Being the first game developed exclusively for the PS4 Sega decided to up the ante and developed the new “Dragon Engine”. The Dragon Engine allows for seamless transitions between action and story. There are no longer load times between entering into combat or even the various buildings in the open world. Going in and out of combat is buttery smooth now. Also, Kazuma and his enemies interact with the game environment far more realistically now. Enemies will stop dead in their tracks when slammed into environmental hazards. While the Dragon Engine looks amazing and runs smooth I noticed that the physics engine can go crazy at times. Sometimes enemies will look like noodley rag dolls when falling down, other times they seem weightless and will go flying for miles after a single punch. It is quite entertaining when the physics go wild. In addition to the wacky physics there is also bit of screen tearing when Kazuma moves around at high speeds. Despite its flaws I commend Sega for creating something this ambitious. They could have easily just recycled the old engine from the previous game. Nit picking aside Yakuza 6 looks and feels amazing. Bravo Sega!
Complementing the games stunning graphical presentation is an equally impressive sound track. The OST is riveting and will keep you pumped while cracking skulls. The voice acting, once again, is helmed by a number real life Japanese actor’s including the infamous Takeshi Takano. It should also be noted that all interactions, including those with NPC characters, now have full voice acting! The sound design in the Yakuza series has always been of top quality and Yakuza 6 continues this trend. I have no complaints on this front.
Mini Games and Sub stories:
Ah yes, the real reason we all play the Yakuza series, the mini games. In Yakuza 6 many of the series’ classic mini games make their return including Baseball, Darts, Hostess Clubs, and Karaoke. In addition, players will be getting arcade perfect ports Virtua Fighter 5: Final Showdown and Puyo Puyo (BEANS!). Some would argue a PS4 port of VF5 is worth the games purchase price alone. There are also more in-depth side games including The Clan Creator, Spear Fishing, Managing the Warriors Baseball team, befriending locals in Snack Bar New Gaudi, and Troublr missions. While all of these side games were quite entertaining, the one I spent most of my time on was the Clan Creator. In the clan creator you manage a small army in a Yakuza themed RTS game. You can recruit new members via sub stories and through winning clan missions. The clan creator also has its very own self-contained story featuring New Japan Pro Wrestling Stars including Kazuchika Okada, Yano Toru, and Tesuya Naito. The Clan Creator even has its own online functionality for those looking for an extra challenge.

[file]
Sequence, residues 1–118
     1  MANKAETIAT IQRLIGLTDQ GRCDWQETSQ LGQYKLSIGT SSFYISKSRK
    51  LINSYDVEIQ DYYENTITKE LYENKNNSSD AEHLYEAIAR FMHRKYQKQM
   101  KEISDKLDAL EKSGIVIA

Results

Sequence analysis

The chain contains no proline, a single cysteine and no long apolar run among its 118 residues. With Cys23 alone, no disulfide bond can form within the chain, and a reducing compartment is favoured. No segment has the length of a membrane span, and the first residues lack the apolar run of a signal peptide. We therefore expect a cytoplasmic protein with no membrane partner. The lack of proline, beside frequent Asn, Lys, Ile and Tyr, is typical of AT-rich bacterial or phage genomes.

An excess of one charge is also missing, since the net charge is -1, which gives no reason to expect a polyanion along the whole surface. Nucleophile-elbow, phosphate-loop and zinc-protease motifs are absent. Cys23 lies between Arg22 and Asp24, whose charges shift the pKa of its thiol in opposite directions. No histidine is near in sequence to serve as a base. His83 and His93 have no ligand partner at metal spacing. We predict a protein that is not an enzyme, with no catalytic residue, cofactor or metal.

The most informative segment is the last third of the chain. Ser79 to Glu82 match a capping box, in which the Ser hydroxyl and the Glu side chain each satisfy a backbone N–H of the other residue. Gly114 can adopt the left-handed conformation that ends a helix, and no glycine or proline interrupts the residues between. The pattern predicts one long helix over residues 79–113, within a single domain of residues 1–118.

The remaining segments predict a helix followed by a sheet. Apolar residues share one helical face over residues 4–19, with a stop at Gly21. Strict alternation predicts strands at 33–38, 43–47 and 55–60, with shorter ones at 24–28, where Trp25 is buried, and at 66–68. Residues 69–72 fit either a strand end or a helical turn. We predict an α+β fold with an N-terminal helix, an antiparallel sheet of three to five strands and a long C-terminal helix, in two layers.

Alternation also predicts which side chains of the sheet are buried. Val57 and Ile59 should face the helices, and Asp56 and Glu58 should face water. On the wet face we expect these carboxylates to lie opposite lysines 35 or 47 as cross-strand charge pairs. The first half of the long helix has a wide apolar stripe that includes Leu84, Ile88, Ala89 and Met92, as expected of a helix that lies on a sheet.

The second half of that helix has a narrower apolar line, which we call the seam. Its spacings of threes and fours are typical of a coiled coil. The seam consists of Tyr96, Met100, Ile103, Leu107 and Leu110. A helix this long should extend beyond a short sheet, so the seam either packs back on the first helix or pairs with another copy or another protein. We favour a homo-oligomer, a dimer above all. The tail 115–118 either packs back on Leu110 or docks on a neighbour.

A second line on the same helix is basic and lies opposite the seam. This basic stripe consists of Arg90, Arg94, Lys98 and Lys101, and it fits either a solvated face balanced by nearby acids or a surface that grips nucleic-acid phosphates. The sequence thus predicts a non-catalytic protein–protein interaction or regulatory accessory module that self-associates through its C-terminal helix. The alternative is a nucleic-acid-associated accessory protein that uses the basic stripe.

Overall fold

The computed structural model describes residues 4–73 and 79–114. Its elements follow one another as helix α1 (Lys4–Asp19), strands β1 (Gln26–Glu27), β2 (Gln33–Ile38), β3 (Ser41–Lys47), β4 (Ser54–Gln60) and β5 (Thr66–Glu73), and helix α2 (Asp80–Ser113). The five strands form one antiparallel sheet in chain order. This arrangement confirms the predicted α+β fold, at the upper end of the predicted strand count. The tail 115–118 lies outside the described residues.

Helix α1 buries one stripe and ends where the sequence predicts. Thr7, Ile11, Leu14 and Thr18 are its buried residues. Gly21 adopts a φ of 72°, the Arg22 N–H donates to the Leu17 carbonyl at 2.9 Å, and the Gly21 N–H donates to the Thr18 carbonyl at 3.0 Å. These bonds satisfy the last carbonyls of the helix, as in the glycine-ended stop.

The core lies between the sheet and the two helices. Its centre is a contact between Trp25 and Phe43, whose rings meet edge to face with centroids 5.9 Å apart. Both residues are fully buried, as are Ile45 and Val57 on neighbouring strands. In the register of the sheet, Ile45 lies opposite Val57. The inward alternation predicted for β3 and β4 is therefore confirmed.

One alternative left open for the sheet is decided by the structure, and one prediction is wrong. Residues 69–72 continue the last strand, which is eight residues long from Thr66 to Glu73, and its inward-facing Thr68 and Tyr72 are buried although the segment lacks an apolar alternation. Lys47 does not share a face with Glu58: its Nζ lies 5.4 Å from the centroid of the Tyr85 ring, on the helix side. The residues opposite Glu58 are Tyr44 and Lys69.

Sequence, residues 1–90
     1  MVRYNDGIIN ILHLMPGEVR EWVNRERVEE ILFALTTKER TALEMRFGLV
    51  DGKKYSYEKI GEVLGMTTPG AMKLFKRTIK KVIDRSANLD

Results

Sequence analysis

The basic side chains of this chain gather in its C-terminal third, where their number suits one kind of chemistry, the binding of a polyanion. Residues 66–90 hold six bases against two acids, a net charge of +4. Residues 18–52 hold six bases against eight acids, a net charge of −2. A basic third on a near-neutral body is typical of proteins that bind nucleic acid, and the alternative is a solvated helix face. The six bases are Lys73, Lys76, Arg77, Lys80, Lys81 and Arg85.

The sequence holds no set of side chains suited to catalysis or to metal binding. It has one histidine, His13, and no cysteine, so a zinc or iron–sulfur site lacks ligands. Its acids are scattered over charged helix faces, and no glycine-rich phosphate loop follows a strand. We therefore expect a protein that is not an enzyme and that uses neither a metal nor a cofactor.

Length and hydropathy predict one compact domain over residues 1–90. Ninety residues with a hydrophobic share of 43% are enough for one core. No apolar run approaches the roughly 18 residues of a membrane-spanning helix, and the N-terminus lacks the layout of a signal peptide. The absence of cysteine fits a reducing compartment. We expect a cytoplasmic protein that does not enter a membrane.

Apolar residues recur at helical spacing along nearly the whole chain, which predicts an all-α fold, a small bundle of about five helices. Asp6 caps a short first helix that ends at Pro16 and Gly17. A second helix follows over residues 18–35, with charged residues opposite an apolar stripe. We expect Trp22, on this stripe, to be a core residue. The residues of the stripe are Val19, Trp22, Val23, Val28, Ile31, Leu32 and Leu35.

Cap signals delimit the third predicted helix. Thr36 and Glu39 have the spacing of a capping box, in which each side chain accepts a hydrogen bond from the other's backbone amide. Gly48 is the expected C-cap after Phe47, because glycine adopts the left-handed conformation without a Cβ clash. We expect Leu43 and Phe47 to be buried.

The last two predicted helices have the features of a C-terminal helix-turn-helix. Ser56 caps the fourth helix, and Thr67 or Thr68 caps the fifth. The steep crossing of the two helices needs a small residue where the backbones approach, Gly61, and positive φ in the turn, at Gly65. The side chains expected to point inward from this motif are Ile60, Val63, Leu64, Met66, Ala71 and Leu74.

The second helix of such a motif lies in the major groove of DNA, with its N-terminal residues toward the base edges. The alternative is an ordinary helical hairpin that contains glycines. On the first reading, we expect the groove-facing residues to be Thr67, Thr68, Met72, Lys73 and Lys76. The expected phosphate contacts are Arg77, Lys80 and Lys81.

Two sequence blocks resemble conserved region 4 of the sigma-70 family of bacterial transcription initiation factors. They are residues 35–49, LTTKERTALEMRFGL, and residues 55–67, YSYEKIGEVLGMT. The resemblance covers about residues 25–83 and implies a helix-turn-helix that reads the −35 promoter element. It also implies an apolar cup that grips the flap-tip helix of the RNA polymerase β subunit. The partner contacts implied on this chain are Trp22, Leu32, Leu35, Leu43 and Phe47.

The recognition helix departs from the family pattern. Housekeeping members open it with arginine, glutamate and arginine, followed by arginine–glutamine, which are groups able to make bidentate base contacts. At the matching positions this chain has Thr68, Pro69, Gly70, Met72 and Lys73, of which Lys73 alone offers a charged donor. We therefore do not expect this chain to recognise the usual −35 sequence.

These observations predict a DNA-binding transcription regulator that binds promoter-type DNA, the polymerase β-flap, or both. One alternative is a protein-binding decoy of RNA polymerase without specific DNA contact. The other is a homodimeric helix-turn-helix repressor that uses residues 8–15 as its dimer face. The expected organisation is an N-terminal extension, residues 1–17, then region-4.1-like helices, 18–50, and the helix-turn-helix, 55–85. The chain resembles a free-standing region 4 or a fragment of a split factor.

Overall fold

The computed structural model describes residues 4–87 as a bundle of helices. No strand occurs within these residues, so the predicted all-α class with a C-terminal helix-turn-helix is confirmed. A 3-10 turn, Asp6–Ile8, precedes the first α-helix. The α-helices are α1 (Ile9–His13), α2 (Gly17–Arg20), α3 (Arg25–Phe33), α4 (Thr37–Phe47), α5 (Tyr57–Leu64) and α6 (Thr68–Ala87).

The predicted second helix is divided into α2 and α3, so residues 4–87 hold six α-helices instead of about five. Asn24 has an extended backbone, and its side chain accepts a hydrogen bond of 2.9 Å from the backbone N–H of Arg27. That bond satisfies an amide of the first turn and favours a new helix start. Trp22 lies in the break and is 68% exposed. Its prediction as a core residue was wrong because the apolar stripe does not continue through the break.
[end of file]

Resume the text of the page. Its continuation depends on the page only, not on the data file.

Overall, despite a few technical difficulties, Yakuza 6 is a damn fine game. The combat is hard hitting and fast paced. The Dragon Engine makes for a silky-smooth gameplay experience. The music and sound effects are stunning and the story is one of the best the series has to offer. Yakuza 6 is definitely a title that you should at to your gaming library.
As I stated earlier this was a tough game for me to get through. I can’t even believe I’ve been playing the Yakuza series for over 10 years now. It feels like only yesterday I picked up the very first Yakuza game in bargain bin on a whim. I went home popped in the PS2 and was immediately hooked. After that for a few years it looked like we wouldn’t get any other games beyond Yakuza 3 but by some miracle (and signing many, many, petitions) we, the fans, managed to get every main series game released in the US. What a ride it has been… Truthfully, I can’t think of another game series that has been more satisfying to play from beginning to end than Yakuza. And although Yakuza 6 may not be the biggest or most spectacular entry in the series, it still proves to be one of immeasurable quality and relevance.
Even though this is the end of Kazuma Kiryu’s legend Sega has confirmed there are still more Yakuza titles on the horizon. So, if you haven’t already do yourself a favor and please play these games. I promise you won’t be disappointed.